New Delhi: The border tension between India and China simmered down after the Chinese troops withdrew itself from eastern Ladakh’s Galwan Valley. However, amid reports of re-escalation by China, India warned the counterpart and reminded it of the 1993 border agreement that mentions both sides to “strictly” observe the Line of Actual Control (LAC).Also Read - World’s Highest Motorable Road In Ladakh - Check Interesting Facts
India has reportedly also imposed restrictions on traders from countries sharing border on grounds of defence and national security. Also Read - 'Chinese Side Not Agreeable to Our Constructive Suggestions, no Results in 13th Round Talks: Indian Army
The warning comes ahead of the 17th India-China Working Mechanism for Consultation & Coordination (WMCC) scheduled to be held on Friday. The two nations last met on July 10. Also Read - Chinese Troops Deployed in Considerable Numbers All Across Eastern Ladakh: Army Chief Naravane | Key Points
Notably, the meeting is expected to engage in crucial discussions after China reportedly refused to budge from the flashpoints at Pangong Tso and Gogra Post in Ladakh, creating a roadblock on the consensus arrived at during the disengagement talks between both the countries.
The Ministry of External Affairs had earlier reiterated that India was “fully committed observing and respecting the LAC” and would not accept unilateral attempts “to change the status quo” of military activities.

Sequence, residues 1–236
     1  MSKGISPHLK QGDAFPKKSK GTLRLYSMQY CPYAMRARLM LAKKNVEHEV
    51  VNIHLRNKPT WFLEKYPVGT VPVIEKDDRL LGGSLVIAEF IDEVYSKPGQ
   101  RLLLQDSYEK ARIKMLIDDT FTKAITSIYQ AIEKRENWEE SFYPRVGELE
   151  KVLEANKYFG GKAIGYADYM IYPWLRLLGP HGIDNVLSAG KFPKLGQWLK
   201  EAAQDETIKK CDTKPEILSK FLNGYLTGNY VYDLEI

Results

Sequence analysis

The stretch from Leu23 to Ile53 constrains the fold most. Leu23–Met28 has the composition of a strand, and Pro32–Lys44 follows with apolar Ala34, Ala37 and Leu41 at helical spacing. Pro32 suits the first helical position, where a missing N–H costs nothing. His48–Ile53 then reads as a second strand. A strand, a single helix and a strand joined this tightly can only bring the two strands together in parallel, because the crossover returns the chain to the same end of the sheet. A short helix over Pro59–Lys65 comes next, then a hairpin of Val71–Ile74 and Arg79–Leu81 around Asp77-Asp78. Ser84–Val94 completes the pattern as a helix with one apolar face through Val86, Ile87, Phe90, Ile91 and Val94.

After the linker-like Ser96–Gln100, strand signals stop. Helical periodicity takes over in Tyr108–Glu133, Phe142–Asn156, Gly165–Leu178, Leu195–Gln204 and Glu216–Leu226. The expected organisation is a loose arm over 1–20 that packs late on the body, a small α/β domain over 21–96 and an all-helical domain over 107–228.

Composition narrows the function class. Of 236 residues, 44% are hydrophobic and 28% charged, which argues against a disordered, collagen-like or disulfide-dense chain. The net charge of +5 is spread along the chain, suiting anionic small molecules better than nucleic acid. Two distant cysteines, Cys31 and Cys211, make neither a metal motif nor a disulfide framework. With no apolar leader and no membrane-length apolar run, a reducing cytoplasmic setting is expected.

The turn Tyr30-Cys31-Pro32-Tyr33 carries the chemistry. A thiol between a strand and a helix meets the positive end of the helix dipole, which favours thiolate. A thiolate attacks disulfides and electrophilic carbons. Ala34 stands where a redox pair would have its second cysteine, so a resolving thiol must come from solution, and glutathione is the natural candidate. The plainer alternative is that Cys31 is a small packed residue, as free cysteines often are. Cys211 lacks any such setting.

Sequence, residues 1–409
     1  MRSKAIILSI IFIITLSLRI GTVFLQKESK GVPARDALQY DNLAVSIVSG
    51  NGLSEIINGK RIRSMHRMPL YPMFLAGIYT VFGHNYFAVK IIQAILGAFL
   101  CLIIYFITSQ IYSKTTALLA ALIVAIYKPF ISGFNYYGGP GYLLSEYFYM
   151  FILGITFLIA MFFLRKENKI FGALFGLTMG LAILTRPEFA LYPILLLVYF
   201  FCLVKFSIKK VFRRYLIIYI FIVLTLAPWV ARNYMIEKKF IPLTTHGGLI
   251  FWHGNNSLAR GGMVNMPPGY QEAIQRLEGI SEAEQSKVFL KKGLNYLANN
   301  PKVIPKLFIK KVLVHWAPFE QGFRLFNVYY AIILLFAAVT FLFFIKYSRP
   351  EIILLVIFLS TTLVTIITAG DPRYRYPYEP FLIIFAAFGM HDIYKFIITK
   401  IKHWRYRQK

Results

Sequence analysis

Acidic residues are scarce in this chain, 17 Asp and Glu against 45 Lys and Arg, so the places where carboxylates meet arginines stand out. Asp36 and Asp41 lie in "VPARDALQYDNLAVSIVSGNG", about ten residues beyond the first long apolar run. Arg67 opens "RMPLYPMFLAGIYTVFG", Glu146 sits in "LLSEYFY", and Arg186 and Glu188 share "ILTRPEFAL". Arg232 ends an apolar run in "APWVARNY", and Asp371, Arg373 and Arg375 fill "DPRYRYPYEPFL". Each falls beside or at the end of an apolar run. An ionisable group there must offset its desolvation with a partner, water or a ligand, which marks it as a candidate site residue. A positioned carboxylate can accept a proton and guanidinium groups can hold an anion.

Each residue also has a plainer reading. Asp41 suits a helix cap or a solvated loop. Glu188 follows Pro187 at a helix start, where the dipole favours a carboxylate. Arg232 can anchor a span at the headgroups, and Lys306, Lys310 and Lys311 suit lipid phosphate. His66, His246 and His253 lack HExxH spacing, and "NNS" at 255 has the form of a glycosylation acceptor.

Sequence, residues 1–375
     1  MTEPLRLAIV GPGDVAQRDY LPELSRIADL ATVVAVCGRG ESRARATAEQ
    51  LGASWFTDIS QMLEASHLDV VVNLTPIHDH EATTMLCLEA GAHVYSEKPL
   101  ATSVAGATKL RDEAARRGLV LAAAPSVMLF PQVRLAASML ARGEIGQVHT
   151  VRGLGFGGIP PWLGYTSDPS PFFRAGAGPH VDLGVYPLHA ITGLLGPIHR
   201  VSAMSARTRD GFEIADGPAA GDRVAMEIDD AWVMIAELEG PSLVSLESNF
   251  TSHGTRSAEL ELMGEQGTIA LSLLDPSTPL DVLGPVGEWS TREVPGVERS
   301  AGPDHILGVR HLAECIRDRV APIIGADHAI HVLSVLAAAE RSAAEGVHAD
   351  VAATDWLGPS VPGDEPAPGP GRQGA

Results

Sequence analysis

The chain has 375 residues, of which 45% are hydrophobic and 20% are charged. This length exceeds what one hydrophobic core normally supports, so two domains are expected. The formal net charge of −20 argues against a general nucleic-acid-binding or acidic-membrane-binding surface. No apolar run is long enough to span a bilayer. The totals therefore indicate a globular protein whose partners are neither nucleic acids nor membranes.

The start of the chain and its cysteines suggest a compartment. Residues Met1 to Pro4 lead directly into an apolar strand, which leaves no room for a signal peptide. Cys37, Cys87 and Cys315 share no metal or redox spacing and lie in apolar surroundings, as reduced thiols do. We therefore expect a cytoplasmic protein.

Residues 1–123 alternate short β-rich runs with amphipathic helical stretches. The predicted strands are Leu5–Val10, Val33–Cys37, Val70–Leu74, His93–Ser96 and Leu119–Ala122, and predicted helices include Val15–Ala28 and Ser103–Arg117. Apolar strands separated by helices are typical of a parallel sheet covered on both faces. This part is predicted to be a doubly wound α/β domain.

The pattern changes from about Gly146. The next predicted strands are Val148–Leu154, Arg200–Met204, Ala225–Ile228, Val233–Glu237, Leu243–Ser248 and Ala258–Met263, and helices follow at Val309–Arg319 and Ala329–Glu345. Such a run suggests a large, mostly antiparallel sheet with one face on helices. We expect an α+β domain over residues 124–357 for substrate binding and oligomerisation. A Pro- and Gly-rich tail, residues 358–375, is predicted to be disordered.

“As conveyed earlier, respecting and strictly abiding by the LAC is the basis of peace and tranquillity in the border areas. Several agreements concluded by India and China since 1993 firmly acknowledge this. In my statement of June 26, I had noted that the conduct of Chinese forces this year, including the deployment of a large body of troops and changes in behaviour, accompanied by unjustified and untenable claims, has been in complete disregard of all the mutual agreements,” MEA spokesperson Anurag Srivastava said during a press briefing.
The Chinese People’s Liberation Army troops have not been complying with the roadmap for a complete pullback, which was drawn out during the Corps Commander level meet on July 14.
“Both sides are engaged in discussions through the established diplomatic and military channels to achieve this objective expeditiously. I had informed last week that the 4th round of the meeting of the Senior Commanders was held on 14th July, where they also discussed further steps to ensure complete disengagement,” the MEA spokesperson said.
The Indian security establishments said that the Chinese retreated a bit and then returned; so there is a need for “constant verification” of the consensus achieved during the meetings between the Indian and Chinese military delegates.
Notably, the WMCC meeting later today will be held via video conferencing between Joint Secretary (East Asia) Naveen Srivastava, and Wu Jianghao, director-general of the Department of Boundary and Oceanic Affairs in China’s Ministry of Foreign Affairs.